The other thing that we're looking at right now is at our brand. When you go out and talk about New Brunswick Tomorrow, people don't know directly what that means. People know that New Brunswick Tomorrow is a brand for the overall revitalization process. And so when I start staying I'm President of New Brunswick Tomorrow, the first thing I get back is, "Congratulations. You've done a nice job in the downtown." And so, I say, "Well, that's not us. You know, that's Devco," and then, "This is what we do." So once I explain what we do, people are impressed and they always wished that there was an New Brunswick Tomorrow. So that would help then to – we're trying to think through how we better brand ourselves to communicate that, and then generate the kind of support, the development and the money for it, and then in that, then there's a much better opportunity to measure ourselves. So right now, everything's blended into the overall brand of the revitalization process.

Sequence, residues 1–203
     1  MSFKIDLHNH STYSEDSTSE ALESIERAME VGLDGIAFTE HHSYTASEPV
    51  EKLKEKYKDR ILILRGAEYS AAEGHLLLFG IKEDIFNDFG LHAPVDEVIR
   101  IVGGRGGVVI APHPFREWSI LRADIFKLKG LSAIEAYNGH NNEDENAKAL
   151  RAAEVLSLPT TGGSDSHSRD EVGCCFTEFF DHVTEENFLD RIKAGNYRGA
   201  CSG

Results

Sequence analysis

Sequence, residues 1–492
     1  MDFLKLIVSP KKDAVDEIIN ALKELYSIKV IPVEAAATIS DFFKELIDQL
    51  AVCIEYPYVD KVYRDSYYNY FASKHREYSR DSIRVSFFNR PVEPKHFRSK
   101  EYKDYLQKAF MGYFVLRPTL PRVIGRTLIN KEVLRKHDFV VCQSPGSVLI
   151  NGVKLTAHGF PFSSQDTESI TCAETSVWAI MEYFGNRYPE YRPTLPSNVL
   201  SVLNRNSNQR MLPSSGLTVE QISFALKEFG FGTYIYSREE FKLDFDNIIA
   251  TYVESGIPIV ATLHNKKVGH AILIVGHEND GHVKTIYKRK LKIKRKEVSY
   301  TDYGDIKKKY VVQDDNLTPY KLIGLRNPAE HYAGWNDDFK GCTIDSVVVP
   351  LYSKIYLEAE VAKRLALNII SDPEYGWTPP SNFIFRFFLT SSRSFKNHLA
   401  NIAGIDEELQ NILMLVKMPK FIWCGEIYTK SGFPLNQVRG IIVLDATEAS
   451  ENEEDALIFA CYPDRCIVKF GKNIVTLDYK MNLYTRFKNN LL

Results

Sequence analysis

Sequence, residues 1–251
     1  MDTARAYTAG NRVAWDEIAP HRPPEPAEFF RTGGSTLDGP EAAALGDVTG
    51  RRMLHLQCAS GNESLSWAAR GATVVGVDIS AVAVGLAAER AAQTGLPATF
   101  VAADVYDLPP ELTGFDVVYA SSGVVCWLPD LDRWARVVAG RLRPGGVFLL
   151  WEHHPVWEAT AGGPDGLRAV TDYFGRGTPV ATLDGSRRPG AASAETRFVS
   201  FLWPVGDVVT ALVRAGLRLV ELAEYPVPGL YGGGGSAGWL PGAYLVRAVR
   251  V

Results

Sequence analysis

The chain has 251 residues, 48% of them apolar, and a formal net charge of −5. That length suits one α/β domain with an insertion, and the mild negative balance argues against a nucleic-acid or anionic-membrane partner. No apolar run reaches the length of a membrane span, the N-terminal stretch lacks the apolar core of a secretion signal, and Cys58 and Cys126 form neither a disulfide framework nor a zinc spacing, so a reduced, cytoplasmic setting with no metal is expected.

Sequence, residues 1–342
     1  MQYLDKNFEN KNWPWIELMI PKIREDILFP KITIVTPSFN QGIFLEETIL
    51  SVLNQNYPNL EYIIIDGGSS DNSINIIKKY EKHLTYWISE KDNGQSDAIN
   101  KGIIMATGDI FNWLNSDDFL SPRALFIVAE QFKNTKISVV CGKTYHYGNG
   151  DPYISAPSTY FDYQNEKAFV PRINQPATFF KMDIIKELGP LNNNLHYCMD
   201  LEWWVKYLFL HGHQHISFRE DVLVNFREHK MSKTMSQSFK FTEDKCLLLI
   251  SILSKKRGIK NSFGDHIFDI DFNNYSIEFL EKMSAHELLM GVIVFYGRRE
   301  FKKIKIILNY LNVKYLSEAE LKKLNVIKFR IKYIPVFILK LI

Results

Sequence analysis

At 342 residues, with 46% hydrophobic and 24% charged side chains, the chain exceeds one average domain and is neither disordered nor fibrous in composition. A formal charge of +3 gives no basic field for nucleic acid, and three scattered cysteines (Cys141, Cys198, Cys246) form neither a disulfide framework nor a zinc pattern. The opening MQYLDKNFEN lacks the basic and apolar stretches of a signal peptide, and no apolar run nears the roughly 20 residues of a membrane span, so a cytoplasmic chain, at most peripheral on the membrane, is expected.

Berkhout: Right. Okay. I guess the only other question I would have has to do with other people we might interview.
Berkhout: We do have Ted Hargrove's schedule.
Vega: Okay. Oh, wonderful. I just spoke with him on . . .
Berkhout: Now, Paul Abdalla
Vega: Paul Abdalla I do not . . .
Berkhout: Abdalla. Was that NBT or was that Devco?
Vega: That was Devco. I believe he was the first Devco person.
Berkhout: Okay. Great. And so, is there any – well, there's Steve O'Connor, whom you know, who is trying to finish his dissertation.
Listokin: Did you know Steve?
Vega: Oh, yeah. I worked with Steve for four years.
Listokin: Oh, okay.